Like most people with beating hearts, the employees at the Marc Lopez Law Firm love dogs. After all, they’re loyal, they’re loving, and they’re always excited to see you. As you may have noticed, however, our canine friends are also equipped with relatively small brains and almost no innate interest in human etiquette. Sometimes dogs aren’t able to read the room and can’t understand what’s expected of them. Sometimes they bite.
According to the Center for Disease Control, this happens more often than you might think. An (admittedly dated) study found that more than 4,500,000 dog bites occur in the United States each year. Of these victims, the CDC estimates that almost one in five requires medical attention. If you’re a dog-owner, it’s important to understand what kind of liability you can be facing.
In Indiana, an owner is tasked with taking reasonable care to prevent his or her dog from causing injuries. This is a flexible standard, because not all dogs call for the same type of handling (what’s reasonable for a 10-pound pug might not be reasonable for an 80-pound Rottweiler). If a visitor enters onto your property and gets bitten as a result, homeowner’s or renter’s insurance will likely have you covered. If, however, your dog leaves your property and bites someone, you can be facing a Class C misdemeanor. The charges can increase in severity depending on aggravating factors (e.g. prior convictions; whether the attack resulted in serious bodily injury or death).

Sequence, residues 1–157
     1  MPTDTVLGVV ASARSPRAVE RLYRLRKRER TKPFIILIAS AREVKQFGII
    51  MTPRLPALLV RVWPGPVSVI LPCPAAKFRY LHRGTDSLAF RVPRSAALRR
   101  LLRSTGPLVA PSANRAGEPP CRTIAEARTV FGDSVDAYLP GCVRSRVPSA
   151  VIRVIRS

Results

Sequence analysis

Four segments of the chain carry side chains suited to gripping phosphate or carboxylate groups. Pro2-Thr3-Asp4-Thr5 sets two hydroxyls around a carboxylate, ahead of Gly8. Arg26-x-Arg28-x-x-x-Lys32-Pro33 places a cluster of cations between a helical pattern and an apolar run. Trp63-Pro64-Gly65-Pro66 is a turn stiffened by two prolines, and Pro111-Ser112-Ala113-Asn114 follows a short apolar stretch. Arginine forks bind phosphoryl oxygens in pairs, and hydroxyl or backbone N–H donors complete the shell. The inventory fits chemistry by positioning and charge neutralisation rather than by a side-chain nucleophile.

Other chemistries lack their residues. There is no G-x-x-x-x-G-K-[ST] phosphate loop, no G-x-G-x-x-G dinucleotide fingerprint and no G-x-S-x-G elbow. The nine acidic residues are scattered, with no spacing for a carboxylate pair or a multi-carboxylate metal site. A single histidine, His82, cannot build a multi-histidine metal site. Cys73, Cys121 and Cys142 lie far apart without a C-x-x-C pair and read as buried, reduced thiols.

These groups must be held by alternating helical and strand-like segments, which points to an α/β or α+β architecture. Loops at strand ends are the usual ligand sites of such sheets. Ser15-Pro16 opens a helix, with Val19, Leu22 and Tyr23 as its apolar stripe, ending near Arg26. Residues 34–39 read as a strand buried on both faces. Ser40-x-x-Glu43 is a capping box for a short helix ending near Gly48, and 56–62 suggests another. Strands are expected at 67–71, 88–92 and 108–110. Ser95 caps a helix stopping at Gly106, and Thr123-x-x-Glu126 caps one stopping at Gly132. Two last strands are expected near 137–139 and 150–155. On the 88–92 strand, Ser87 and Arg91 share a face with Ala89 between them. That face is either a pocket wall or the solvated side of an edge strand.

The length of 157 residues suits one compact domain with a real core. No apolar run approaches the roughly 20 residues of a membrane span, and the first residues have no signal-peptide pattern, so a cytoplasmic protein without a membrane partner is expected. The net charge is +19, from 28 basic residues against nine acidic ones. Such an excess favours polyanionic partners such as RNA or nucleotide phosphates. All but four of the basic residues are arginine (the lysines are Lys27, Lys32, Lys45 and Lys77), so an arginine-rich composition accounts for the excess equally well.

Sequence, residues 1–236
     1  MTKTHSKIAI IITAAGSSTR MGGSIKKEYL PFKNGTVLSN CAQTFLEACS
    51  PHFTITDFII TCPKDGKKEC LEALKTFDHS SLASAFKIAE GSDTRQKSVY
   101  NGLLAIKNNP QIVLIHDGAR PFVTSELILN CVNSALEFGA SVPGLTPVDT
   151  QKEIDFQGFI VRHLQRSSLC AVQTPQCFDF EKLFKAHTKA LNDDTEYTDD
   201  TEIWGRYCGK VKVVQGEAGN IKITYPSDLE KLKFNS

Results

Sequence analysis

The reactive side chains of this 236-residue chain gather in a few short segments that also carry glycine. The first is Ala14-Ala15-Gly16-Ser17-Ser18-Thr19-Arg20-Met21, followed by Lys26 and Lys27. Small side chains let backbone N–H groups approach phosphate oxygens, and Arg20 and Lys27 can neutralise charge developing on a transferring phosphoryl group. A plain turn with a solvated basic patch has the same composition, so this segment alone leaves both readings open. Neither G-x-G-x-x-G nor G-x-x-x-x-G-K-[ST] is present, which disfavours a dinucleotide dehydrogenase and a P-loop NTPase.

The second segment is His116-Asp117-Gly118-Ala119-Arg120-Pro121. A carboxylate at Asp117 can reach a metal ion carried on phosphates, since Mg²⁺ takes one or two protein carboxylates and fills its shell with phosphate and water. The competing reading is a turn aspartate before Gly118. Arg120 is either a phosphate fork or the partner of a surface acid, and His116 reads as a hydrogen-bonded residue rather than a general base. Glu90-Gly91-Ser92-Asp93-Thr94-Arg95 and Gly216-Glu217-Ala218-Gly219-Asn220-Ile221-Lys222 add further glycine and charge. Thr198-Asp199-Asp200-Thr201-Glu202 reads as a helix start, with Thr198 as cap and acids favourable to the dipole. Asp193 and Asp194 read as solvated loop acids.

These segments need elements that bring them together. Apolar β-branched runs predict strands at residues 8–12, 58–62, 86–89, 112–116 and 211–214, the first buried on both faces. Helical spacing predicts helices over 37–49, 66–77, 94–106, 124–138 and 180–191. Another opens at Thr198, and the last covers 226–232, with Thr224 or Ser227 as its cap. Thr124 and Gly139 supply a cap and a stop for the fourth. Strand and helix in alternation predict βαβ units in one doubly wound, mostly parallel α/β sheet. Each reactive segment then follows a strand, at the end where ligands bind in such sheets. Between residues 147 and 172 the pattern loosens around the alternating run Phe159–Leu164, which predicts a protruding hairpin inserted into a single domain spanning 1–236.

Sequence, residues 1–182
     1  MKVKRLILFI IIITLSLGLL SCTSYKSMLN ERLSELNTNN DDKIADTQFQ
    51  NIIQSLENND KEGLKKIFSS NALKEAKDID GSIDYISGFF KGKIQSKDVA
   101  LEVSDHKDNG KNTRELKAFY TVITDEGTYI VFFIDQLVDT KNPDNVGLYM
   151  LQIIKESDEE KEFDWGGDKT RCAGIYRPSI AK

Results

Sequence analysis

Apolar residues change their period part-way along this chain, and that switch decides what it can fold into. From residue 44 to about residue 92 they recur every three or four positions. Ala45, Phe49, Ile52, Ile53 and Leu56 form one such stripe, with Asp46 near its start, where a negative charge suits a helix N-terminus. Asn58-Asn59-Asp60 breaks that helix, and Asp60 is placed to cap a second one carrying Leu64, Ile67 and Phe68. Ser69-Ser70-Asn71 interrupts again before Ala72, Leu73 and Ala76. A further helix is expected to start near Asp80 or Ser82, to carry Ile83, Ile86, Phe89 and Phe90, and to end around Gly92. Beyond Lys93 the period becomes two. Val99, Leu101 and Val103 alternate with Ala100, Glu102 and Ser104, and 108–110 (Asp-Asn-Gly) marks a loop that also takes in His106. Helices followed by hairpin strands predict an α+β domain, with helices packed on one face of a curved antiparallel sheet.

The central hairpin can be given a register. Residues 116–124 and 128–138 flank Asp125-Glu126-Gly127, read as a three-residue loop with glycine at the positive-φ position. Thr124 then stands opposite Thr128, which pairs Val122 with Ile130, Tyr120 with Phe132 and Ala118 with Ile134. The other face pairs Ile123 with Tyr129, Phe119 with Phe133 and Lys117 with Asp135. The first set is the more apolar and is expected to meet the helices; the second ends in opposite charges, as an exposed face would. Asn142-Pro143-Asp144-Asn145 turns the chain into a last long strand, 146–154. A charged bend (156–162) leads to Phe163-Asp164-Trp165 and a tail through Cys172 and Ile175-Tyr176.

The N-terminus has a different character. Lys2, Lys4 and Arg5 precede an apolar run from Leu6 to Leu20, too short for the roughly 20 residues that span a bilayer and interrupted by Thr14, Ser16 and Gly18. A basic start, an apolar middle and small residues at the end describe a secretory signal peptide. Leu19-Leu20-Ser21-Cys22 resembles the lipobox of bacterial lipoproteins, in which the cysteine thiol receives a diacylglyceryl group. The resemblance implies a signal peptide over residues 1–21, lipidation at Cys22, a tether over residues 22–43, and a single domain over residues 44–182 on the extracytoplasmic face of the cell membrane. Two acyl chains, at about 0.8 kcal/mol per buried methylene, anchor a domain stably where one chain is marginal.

If, on the other hand, you’re the one who’s bitten, it’s important to seek medical attention. If the skin has been broken, stitches may be required to close the wound, and professional treatment can help to prevent infection. Remember: One of the easiest ways to sabotage your personal injury case is avoiding medical treatment or declining to follow professional advice.
When you’re on the wrong end of a dog’s teeth, you’re allowed to recover non-economic damages (pain and suffering) in addition to medical expenses. There could also be serious consequences for the dog and its owner, as the Court can potentially order the animal to be euthanized. If you find yourself in a situation like this—as an owner or a victim—it’s important to find an experienced attorney to help handle your case. Attorney Matthew Kroes knows a thing or two about dog bites—both as a litigator and as a victim. Call 317-632-3642 for a free consultation.